Wednesday, April 18, 2018

Self Armored River Bluff

We recently traversed along the base of a late-Pleistocene terrace consisting of glacial till and ice proximal meltwater. The terrace formed by incision and erosion by the Nooksack River to create a river bank bluff. The bluff is about 25 feet high. There are numerous large cobbles and boulders at the base of the bluff along the river edge derived from cobbles and boulders that have fallen from the terrace slope forming a lag of very course sediment along the edge of the river. Many of the boulders are much larger that the cobble sediment within the gravel and cobble bars within the river area. 




Cobbles and boulders in the river bluff slope 

The large cobbles and boulders accumulated at the base of the slope along the river appeared to be limiting the erosion along the terrace. The bare slope above shows that some erosion has taken place, but the size of the rock large on the lower slopes was considerably larger than that within the river gravel and cobble bars.

Post our traverse, a review of aerial photographs dating back to the 1930s found no discernible change in the position of the terrace edge over a period of 80 plus years. The historic aerials also showed the river was frequently flowing right at the base of the terrace. Hence, the rocks armoring the lower terrace were effectively reducing erosion for most river flow events.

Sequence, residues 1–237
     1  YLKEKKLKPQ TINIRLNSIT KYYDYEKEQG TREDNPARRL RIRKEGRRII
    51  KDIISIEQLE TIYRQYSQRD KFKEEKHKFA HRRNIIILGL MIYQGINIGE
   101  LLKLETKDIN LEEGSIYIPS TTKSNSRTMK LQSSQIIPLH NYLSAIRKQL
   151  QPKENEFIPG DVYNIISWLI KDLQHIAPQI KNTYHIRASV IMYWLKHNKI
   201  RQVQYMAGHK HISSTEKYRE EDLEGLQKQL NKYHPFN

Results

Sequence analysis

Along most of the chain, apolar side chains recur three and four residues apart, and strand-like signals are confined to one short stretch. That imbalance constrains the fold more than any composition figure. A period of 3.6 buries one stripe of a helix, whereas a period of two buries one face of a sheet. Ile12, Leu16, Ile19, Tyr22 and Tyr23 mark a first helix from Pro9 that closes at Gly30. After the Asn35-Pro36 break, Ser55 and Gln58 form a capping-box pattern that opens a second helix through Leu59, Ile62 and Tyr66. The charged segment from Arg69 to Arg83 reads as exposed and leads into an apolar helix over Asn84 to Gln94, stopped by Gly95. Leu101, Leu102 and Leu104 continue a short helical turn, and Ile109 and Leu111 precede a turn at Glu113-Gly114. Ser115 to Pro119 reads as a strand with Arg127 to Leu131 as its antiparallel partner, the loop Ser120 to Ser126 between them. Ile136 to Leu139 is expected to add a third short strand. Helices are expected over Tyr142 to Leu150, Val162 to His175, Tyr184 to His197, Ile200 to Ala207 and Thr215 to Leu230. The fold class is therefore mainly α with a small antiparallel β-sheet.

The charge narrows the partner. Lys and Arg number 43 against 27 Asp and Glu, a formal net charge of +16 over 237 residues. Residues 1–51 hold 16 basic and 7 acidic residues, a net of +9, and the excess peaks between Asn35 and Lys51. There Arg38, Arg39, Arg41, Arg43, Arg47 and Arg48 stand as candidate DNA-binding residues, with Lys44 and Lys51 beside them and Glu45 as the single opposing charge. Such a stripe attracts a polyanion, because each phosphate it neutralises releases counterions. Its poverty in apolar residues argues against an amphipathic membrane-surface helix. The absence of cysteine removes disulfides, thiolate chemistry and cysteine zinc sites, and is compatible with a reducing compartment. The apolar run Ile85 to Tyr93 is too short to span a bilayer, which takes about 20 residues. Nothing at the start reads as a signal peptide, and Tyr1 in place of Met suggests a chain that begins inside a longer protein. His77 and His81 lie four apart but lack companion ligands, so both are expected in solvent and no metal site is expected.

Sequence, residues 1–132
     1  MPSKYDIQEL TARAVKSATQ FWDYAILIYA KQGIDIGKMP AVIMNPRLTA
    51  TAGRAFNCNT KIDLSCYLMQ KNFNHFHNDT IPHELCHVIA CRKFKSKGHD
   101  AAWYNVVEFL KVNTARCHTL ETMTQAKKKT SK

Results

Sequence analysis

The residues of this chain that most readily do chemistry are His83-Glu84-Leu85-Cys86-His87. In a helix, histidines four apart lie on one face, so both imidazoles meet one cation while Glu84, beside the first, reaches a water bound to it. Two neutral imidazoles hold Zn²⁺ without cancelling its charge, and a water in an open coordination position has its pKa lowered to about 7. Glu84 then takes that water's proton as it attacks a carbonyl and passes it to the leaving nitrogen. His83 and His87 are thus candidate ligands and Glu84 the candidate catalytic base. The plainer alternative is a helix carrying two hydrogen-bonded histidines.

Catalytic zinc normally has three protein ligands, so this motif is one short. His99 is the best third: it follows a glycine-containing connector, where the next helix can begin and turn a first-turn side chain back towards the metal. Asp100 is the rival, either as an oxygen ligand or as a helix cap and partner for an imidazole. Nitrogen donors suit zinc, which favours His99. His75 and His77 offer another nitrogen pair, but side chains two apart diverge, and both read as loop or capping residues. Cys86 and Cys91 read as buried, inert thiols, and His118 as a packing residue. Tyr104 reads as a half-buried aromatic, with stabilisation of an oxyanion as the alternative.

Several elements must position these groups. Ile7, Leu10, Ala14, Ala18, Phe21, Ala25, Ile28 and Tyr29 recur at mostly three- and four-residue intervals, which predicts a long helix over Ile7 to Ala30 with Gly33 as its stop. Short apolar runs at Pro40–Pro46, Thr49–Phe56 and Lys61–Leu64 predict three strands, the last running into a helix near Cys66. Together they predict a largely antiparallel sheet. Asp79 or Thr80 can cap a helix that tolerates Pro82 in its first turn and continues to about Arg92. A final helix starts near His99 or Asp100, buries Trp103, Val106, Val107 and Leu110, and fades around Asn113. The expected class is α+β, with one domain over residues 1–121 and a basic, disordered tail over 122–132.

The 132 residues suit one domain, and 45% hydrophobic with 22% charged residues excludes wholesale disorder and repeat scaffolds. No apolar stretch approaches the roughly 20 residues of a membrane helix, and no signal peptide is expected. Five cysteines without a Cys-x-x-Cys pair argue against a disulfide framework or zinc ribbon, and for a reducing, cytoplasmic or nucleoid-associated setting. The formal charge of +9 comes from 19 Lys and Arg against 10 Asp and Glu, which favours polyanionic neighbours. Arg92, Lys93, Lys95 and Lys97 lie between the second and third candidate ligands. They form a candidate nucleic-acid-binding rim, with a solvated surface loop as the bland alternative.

Saturday, April 14, 2018

Dungeness Spit Notes

I had a brief venture to the Dungeness River delta. Standing on the saltwater mash flats of the delta I had a view across the marsh and the water of Dungeness Bay.


The Dungeness Lighthouse was a speck on the horizon and only a bit more visible with the telephoto view.


Dungeness Bay looking towards the tip of the spit

Lighthouse viewed via telephoto view

The Dungeness Spit is a remarkable thin stretch of sand and gravel beach extending out into the Strait of Juan de Fuca over 6 miles from the main coast.


A big chunk of sediment comes from the high eroding bluffs to the southwest of the spite. These bluffs are exposed to fairly large waves coming into the open water of the Strait of Juan de Fuca. Ian Miller has put together a scheme for getting a better understanding of this remarkable spit (surveying-dungeness-spit). And it is remarkable - its the longest spit in the United States. Schwatz, Fabbri and Wallace (1987) provide a map of the sediment (drift) movement on this complex spit.

Drift map (Schwartz, Fabbri and Wallace, 1987)

The spit is complicated by the presence of another source of sediment from the southeast from sediment inputs from the Dungeness River as well as periodic waves generated by south winds blowing onto the backside of the spit.